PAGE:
Edwin W. Keightley

From Wikipedia, the free encyclopedia
Jump to: navigation, search

Edwin William Keightley (August 7, 1843 – May 4, 1926) was a politician from the U.S. state of Michigan.

Keightley was born on a farm near Scott in Lagrange County, Indiana. His parents, Peter L. and Elizabeth (Winter) Keightly, emigrated from Lincolnshire, England; the former in 1831, and the latter in 1828. They settled on the farm in Van Buren township in 1836, and soon after they were married. Keightley attended the local common schools, Lagrange Academy, and Valparaiso Collegiate Institute. He was graduated from the law department of the University of Michigan at Ann Arbor in 1865 and was admitted to the bar. He commenced practice at White Pigeon, Michigan, several miles northwest of his family home in Scott. While practicing law, he was also editor of the White Pigeon Republican, a staunch advocate of Republican Party views and policy.

In 1867, Keightley moved to Constantine, Michigan, and entered into a law partnership with Judge S. C. Coffinberry, which ended in 1869, on amicable terms. He was married on July 14, 1868, to Mary Mitchell, the daughter of Thomas Mitchell, a long-time resident of Constantine, and closely identified with its manufacturing and material interests.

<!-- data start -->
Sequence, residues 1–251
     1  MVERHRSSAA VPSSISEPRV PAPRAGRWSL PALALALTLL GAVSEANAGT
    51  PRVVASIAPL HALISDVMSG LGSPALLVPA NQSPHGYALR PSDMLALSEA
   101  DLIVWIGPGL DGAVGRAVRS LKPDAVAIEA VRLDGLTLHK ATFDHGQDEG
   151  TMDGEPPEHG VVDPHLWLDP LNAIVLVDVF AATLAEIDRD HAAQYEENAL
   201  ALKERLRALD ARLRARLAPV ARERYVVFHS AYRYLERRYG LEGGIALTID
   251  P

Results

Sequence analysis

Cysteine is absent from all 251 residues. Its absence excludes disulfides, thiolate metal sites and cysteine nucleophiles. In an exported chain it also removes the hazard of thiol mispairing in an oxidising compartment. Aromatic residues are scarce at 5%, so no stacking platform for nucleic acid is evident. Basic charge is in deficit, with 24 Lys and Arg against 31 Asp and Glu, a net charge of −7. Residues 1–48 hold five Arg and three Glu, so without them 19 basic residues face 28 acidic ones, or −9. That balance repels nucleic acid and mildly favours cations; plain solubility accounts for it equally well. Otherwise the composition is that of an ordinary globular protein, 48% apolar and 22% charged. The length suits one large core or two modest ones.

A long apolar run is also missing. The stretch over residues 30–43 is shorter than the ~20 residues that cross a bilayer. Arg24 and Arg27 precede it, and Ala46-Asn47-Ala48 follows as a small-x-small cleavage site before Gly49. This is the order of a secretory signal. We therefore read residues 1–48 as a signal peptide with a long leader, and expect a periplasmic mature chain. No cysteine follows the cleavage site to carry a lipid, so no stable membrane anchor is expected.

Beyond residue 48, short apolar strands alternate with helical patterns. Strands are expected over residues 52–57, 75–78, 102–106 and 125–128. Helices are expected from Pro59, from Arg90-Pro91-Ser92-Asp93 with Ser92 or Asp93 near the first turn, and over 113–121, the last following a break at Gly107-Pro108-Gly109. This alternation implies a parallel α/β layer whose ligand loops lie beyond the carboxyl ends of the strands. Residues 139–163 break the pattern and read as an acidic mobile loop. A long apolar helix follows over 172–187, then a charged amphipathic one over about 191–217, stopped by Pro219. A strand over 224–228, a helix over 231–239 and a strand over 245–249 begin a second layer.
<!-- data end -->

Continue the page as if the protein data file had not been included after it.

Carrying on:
Keightley's former residence (left), located in the Logan Circle neighborhood of Washington, D.C.

In 1872, he was elected prosecuting attorney of St. Joseph County, serving until January 21, 1874 when he was appointed by Michigan Governor John J. Bagley to be judge of the 15th circuit court of Michigan, comprising the counties of St. Joseph and Branch County. He was elected to the position in the spring of 1875.

In 1876, he was elected as a Republican from Michigan's 4th congressional district to the 45th United States Congress, serving from March 4, 1877 to March 3, 1879.

Keightley was appointed by U.S. President Rutherford B. Hayes as the Third Auditor of the United States Treasury Department and served from April 30, 1879 to April 30, 1885, when he resigned. He resumed the practice of his profession in Chicago, Illinois. He moved to Constantine, Michigan, in 1899 and engaged in agricultural pursuits until his death there. He was interred in Constantine Cemetery.


External links[edit]

United States House of Representatives
Preceded by
Allen Potter
United States Representative for the 4th Congressional District of Michigan
1877 – 1879
Succeeded by
Julius C. Burrows